Taking care of business

Taking care of business

Shanikqua Dandy, left, of Woonsocket, launched Fine and Dandy, a makeup services company, after taking a course offered by the Institute for Entrepreneurship and Leadership. She is pictured with Keno Mullings, founder of the institute and course instructor for its Bootstrap Bootcamp business training program. (Breeze photos by Lauren Clem)
Nonprofit course helping local entrepreneurs find their groove

WOONSOCKET – Shanikqua Dandy, known to her friends as simply “Dandy,” is having a good year. Her newly launched makeup services company, Fine and Dandy, is averaging three to four customers per week, while her latest online tutorial numbered 4,200 views. That’s a significant growth from six months ago, when her videos had around 500 views apiece.

Dandy, a 27-year-old entrepreneur from Woonsocket, has been interested in founding her own business for a long time. As a student at the Art Institute of Boston, she attempted to launch her own photography company, though without knowledge of how to run a business, she said, “It didn’t go well.” In her second semester, she became interested in makeup when she took a portraiture class and later started doing makeovers for family and friends.

“I was more interested in these techniques (the professor) was using to make this person look more like the image, and that was all makeup,” she said.

In her 20s, Dandy returned to Woonsocket to work at NeighborWorks Blackstone River Valley and Riverzedge Arts, where she currently serves as arts and business program director. But makeup, she said, was always in the back of her mind. Last June, she began posting online makeup tutorials under the social media name @dandyuploads. The tutorials were popular with friends and teenagers looking to get ready for prom season, but she hoped to turn the platform into a brand name that could make some extra income on the side.

Then, in the fall, she learned about a new training program for budding entrepreneurs. Bootstrap Bootcamp is a course offered by the Providence-based Institute for Entrepreneurship and Leadership, a nonprofit organization that seeks to end poverty and increase diversity in the tech economy through business training. The organization, which became an official nonprofit in 2017, had recently started offering its program in Woonsocket and, thanks to a grant from the Rhode Island Foundation, was offering the course to Woonsocket residents free of charge.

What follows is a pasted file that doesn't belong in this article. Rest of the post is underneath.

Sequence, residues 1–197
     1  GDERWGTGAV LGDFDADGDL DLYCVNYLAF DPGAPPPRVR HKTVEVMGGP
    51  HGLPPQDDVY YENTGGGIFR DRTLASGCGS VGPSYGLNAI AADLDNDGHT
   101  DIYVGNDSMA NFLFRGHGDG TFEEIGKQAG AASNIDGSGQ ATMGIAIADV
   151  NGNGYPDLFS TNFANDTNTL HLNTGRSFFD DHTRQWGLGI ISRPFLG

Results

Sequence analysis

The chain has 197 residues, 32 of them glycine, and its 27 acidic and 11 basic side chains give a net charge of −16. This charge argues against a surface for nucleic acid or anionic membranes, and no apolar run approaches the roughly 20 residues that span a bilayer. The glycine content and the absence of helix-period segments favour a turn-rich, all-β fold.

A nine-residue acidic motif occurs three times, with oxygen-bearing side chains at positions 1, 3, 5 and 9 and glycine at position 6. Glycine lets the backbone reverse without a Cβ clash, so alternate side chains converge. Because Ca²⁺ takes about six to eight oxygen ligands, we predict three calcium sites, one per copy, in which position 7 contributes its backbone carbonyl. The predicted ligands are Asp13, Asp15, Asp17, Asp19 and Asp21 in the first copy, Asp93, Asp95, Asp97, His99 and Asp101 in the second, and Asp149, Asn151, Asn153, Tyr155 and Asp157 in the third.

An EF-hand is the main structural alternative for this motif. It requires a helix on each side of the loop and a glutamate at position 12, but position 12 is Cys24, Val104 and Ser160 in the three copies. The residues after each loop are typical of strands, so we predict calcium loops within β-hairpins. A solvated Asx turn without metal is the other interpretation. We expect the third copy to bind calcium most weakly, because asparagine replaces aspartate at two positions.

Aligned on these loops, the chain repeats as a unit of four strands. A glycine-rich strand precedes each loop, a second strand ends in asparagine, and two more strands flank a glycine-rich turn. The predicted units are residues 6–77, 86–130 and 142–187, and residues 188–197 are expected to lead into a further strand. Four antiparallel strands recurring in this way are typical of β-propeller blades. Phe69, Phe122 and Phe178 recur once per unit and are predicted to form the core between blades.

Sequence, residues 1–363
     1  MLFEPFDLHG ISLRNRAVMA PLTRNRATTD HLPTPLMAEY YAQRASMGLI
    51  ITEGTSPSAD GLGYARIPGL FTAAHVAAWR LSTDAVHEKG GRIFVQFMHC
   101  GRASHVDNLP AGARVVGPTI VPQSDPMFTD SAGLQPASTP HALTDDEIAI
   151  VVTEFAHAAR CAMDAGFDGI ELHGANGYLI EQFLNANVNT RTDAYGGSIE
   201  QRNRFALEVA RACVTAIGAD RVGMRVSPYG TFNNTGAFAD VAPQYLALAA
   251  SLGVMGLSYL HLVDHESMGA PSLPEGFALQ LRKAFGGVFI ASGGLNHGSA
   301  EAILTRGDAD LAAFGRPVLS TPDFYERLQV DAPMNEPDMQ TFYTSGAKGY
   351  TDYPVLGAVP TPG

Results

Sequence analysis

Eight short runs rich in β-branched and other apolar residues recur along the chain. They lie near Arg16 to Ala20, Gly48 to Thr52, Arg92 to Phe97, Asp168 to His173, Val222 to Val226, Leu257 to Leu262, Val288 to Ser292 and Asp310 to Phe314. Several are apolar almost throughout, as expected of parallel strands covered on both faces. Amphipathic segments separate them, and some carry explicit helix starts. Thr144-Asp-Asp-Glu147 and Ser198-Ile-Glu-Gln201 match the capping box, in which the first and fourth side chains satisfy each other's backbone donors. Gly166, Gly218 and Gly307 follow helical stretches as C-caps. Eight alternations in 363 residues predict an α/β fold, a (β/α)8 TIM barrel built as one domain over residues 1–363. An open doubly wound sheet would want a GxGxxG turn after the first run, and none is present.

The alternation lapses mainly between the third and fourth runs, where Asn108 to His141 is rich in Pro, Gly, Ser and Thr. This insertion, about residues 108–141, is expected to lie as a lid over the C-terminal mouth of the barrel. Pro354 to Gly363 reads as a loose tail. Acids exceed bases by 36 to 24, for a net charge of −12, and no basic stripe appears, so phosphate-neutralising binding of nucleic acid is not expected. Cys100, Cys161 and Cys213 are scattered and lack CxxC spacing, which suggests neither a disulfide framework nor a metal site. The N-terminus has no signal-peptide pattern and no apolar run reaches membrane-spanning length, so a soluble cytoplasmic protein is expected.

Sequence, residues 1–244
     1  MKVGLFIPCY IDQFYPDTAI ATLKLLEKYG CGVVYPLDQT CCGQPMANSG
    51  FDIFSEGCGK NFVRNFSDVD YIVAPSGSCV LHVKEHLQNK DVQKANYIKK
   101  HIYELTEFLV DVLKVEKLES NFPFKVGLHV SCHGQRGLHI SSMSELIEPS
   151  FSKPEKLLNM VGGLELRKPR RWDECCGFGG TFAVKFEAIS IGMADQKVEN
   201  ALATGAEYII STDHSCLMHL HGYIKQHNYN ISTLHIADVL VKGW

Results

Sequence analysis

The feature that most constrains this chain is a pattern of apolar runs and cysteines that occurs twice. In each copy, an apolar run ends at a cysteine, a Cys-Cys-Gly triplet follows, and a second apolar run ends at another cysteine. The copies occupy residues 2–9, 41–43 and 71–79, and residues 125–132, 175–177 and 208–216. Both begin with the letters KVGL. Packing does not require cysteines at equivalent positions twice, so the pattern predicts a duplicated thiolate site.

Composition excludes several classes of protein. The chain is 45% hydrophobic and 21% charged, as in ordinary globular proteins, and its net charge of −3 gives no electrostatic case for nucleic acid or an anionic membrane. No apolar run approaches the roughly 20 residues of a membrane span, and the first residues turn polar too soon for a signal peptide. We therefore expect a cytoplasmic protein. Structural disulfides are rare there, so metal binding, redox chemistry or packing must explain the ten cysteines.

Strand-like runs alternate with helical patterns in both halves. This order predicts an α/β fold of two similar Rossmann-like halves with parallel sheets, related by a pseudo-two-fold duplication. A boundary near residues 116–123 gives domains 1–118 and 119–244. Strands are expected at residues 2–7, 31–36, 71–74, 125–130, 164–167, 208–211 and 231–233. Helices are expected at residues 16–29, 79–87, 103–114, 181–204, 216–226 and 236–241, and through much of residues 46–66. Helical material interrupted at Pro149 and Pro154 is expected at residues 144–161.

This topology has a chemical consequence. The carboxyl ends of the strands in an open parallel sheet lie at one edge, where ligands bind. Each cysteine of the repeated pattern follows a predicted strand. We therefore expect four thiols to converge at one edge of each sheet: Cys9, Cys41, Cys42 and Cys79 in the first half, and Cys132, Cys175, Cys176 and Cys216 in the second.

Dandy signed up for the November session, joining five other aspiring small business owners for the 24-hour course. The business ideas were varied, she said, and included skill sets ranging from a locksmith to an acupuncturist to a comic book illustrator. By the end of the session, she and two other participants were ready to launch their ideas. On the Friday the course ended, Fine and Dandy became an officially registered business at City Hall.

“The biggest takeaway for me was actually coming up with a plan and figuring out how to do these makeup sessions and these makeup services at such a low cost, but also, is it needed?” she said.

According to Keno Mullings, founder of the Institute for Entrepreneurship and Leadership (IEL) and course instructor, the program stems from his own experiences in business. Mullings moved from Jamaica to the United States to study software engineering at Northeastern University before founding The Mullings Group, a software development company. Rather than focus solely on a business plan, he said, the program works to develop participants’ goals and leadership skills to help position them for success. It covers topics such as registering a business, setting up a bank account and promoting a brand while helping participants build confidence and focus.

“My hope is that they transition from startups to long-term businesses,” he said.

Mullings said he thinks Woonsocket is uniquely positioned to benefit from the program. While Main Street has seen a lull in small business activity in recent years, the vacant storefronts also create an opportunity for new businesses to move in. He first had the idea to bring the program to Woonsocket after visiting Woonsocket Middle School to speak with students about software development.

“I think just putting businesses in there that are active, that are keeping that hum, I think it would change downtown,” he said.

Downtown is exactly where Dandy sees herself someday. The young entrepreneur would eventually like to open a brick-and-mortar makeup studio, but for now is focused on growing her client base through online promotion and word-of-mouth. She recently signed her first corporate sponsor, an online jewelry retailer called Fashion Mink that sponsors her tutorial videos in exchange for promotion of their products. For now, she provides her makeup services in clients’ homes, and anticipates a rush in calls during prom season in the spring.

Mullings is planning to return to the city in March to offer another session of the Bootstrap Bootcamp program. The course, which will again be offered free of charge thanks to the Rhode Island Foundation, will take place on Fridays and Saturdays, March 1 through 23, from 5:30 to 8:30 p.m. on Fridays and 10 a.m. to 1 p.m. on Saturdays. Mullings is hoping to once again reach energetic entrepreneurs who are interested in investing in their community through small business.

“Woonsocket needs it. Woonsocket absolutely needs an entrepreneurial spirit,” he said.

More information about the upcoming course is available at bootstrapbootcamp.com .

Shanikqua Dandy records a makeup tutorial video to post to her online social media pages.